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breastfeeding arrangements letter
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Breastfeeding arrangements letter

Breastfeeding arrangements letter

Send our letter to an employee returning from maternity leave to confirm the arrangements that you’ve made to support them in breastfeeding their baby after their return to work. The law states that you must provide a place for a nursing mother to rest, but you don’t have to provide facilities for her to breastfeed or express or store milk, although this is recommended by the Health and Safety Executive (HSE) as good practice.

The law

The Workplace (Health, Safety and Welfare) Regulations 1992 require you to provide somewhere for a breastfeeding employee to rest, and, where necessary, this includes being able to lie down. It doesn’t specifically require you to provide facilities to breastfeed or to express or store milk, nor do you have to grant paid breaks for this purpose. However, the HSE recommends that it's good practice for you to provide a private, healthy and safe environment for breastfeeding mothers to express and store milk. The ladies’ toilets are not a suitable place to express breast milk or breastfeed a baby as there may be a hygiene risk. Under the Management of Health and Safety at Work Regulations 1999, you must also assess the workplace health and safety risks posed to expectant and new mothers and their babies from any processes, working conditions or physical, biological or chemical agents and take any measures needed to address those risks. Whilst there’s no legal requirement to conduct a specific, separate risk assessment for breastfeeding employees in particular, it’s good practice to do so as it will enable you to decide if additional action needs to be taken.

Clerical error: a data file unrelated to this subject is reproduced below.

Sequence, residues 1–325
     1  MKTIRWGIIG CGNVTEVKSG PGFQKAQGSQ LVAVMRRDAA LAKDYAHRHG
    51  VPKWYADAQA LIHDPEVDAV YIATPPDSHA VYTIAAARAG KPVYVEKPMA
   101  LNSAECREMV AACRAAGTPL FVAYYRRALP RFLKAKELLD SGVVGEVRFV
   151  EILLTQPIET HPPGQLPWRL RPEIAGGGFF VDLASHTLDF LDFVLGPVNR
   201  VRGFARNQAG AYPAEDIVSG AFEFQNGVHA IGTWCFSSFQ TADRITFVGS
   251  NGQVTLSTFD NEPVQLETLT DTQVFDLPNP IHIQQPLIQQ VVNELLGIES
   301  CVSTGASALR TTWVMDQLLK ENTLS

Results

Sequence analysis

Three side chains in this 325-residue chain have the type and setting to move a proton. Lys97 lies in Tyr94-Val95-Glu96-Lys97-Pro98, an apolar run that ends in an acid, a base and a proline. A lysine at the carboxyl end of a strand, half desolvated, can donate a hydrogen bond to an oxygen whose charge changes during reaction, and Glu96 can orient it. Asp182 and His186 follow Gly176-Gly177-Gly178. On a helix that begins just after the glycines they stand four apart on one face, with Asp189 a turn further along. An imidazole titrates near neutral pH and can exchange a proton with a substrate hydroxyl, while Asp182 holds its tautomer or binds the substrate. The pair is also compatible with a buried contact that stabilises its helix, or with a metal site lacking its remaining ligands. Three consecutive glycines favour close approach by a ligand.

Provision of facilities

Our Breastfeeding Arrangements Letter, intended for mothers returning to work from maternity leave, sets out that you’ve put in place appropriate facilities for breastfeeding employees to express and store milk and to rest and it confirms that these facilities will be available to the employee on her return to work. Make sure that any room provided for expressing milk is clean, warm and private and that the fridge for the storage of expressed milk is secure and hygienic. The room could, for example, be an unoccupied office or an area used for meetings that can be discreetly screened. If, however, all you can physically provide are the required rest facilities and you can’t provide an appropriate room or space for expressing milk, amend our letter accordingly. If necessary, discuss this with the employee to see if there’s any alternative facility she could use, such as with a neighbouring employer.

Other considerations

Other matters you might wish to consider addressing are:

  • permitting additional breaks for breastfeeding mothers to express milk - these could be accommodated by a reciprocal agreement from the employee to reduce her lunch break, and any extra breaks granted don’t have to be paid
  • allowing temporary flexible working hours for breastfeeding mothers, such as allowing her to leave work early or to leave for a short time during the working day to breastfeed her baby, say, at a nearby nursery.

We’ve briefly covered these in our letter by asking the employee to get in touch before her return if she wants to discuss temporary minor adjustments to her working hours to specifically enable her to breastfeed her baby or to express milk.

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